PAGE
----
Lesson from The Gold Rush #3
Opening a door
is a dangerous thing.
You never know what storm has risen out on the horizon,
or if that storm’s wind has barricaded itself in wait
against the door, so that when you open it,
you are thrown against the back of the house,
with only the fat prospector
who is with you to help. What’s worse –
the house has no foundation. It lies on ice.
And when you fly back, the house flies with you,
until you, the house, and the prospector see-saw on the
edge of a cliff.
You struggle to keep the house in proper teeter –
maybe with a chapped face – an icicle hanging
from your mustache. Because it’s cold, of course.
But some other wind blows the house back on course.
Pushes you from the edge of a cliff and your house skates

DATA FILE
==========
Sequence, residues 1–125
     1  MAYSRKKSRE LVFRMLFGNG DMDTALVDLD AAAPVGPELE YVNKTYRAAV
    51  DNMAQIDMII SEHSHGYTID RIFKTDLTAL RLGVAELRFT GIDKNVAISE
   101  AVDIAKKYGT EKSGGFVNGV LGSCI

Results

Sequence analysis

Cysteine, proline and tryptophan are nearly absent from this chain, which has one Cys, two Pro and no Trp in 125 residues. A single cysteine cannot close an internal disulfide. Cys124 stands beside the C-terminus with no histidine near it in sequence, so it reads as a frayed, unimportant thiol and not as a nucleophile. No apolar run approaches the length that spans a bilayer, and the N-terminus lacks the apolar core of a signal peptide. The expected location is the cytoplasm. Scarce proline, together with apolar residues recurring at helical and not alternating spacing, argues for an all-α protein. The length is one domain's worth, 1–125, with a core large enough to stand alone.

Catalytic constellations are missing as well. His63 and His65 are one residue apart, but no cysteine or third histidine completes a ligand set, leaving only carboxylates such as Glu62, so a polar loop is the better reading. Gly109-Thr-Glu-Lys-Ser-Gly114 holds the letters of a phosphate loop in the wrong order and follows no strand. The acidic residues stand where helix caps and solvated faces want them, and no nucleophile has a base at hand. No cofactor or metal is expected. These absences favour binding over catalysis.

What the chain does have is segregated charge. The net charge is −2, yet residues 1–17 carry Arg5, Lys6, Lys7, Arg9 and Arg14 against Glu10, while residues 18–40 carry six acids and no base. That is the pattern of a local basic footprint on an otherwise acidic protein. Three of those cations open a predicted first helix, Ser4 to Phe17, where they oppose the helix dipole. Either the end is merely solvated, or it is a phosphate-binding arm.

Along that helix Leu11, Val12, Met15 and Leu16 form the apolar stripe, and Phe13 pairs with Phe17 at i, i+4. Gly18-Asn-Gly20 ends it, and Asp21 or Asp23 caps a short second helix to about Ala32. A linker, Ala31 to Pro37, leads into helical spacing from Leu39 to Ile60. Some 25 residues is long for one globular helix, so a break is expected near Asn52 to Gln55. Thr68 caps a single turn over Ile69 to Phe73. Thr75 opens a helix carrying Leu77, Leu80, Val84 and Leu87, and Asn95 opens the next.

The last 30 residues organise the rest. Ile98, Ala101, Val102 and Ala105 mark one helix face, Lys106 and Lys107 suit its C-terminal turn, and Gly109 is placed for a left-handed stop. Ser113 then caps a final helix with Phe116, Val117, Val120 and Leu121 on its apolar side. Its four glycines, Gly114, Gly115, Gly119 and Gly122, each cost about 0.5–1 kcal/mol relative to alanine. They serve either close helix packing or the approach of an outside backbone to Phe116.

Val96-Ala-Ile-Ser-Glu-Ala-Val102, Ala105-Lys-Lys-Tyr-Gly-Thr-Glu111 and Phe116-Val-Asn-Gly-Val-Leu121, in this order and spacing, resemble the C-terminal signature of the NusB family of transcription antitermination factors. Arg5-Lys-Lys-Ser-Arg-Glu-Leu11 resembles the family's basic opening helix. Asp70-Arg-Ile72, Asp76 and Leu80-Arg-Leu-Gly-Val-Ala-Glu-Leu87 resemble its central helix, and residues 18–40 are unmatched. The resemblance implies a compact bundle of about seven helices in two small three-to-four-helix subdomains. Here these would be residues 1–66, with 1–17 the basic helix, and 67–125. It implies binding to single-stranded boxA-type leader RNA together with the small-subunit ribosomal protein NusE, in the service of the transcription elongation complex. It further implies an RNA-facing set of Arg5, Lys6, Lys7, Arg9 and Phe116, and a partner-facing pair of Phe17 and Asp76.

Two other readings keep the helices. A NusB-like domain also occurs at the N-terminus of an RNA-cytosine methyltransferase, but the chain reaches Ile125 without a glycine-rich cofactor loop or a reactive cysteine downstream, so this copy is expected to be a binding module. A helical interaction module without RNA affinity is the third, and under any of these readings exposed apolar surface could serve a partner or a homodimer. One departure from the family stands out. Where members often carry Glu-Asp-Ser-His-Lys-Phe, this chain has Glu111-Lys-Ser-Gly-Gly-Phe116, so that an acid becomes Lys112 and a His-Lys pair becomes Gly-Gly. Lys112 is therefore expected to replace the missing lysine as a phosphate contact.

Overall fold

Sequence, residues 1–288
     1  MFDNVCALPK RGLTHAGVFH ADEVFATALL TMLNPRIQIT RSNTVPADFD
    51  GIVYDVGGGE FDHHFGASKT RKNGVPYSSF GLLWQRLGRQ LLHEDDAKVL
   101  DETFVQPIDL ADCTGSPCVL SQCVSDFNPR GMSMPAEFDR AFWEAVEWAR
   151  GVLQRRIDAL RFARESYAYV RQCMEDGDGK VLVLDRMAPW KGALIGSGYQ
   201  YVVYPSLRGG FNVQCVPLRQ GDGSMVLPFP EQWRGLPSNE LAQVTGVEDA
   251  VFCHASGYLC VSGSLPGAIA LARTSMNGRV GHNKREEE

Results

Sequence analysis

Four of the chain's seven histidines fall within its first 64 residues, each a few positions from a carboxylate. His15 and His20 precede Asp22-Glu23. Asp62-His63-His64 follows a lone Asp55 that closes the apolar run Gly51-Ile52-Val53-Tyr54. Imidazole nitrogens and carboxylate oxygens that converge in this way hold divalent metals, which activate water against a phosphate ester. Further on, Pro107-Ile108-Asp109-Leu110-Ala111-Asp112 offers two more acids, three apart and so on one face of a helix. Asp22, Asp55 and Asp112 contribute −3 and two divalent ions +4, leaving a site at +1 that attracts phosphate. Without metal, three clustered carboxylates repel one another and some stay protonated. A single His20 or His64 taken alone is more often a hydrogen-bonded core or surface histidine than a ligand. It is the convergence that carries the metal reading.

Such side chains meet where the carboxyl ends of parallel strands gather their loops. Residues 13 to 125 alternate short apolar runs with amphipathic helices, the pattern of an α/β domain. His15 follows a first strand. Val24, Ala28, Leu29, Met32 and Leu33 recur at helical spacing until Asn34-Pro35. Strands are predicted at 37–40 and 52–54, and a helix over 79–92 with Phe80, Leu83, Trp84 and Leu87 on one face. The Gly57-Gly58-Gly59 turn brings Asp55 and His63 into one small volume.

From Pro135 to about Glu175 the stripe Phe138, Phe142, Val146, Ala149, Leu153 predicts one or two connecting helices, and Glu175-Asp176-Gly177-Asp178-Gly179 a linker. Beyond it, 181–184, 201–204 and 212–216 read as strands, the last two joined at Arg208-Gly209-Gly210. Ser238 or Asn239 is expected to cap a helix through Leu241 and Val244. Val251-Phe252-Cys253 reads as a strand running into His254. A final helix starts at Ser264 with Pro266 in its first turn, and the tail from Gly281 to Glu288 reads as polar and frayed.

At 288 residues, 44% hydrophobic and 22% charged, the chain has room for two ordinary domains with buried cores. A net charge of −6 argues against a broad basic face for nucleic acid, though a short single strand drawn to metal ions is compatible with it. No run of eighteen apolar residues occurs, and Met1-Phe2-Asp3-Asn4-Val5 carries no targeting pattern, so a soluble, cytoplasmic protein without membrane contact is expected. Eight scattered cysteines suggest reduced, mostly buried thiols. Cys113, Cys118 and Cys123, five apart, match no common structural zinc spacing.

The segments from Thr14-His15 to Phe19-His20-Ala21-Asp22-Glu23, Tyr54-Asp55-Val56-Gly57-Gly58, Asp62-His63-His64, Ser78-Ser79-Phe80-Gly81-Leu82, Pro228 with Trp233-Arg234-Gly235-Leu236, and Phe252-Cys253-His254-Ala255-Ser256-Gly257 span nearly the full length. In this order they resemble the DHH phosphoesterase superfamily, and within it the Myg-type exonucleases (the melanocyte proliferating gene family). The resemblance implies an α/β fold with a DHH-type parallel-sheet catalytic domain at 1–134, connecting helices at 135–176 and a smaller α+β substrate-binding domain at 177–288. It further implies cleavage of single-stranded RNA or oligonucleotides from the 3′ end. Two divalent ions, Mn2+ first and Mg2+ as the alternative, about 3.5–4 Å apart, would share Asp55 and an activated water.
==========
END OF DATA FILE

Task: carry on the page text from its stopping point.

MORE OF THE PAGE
downhill, coming to a rest on a little ice field.
Safe, except you haven’t eaten in days. That’s why
you were trying to get out in the first place.
That is why you opened a door.
And what if now you are on the outside coming in. You found
no food and the storm has picked up again.
So you return and enter the house and the fat prospector
thinks you a chicken. Every “I found nothing, sir” is
He only hears you cluck. And you say,
“We could eat one of my boots,” and that just makes
him hungrier, until he has a knife and is chasing
you around the house. So you open a door.
The storm again greets you with a harsh wind.
As you fly, you are saying, “I am not food.”
The prospector gains a little on you against the wind.
“I am not cluck,” you say.
“I am cluck cluck. I cluck-cluck-cluck.”
– Tyler Mason
from Words Dance 10, Fall 2006
Guest-edited by Jessica Dawson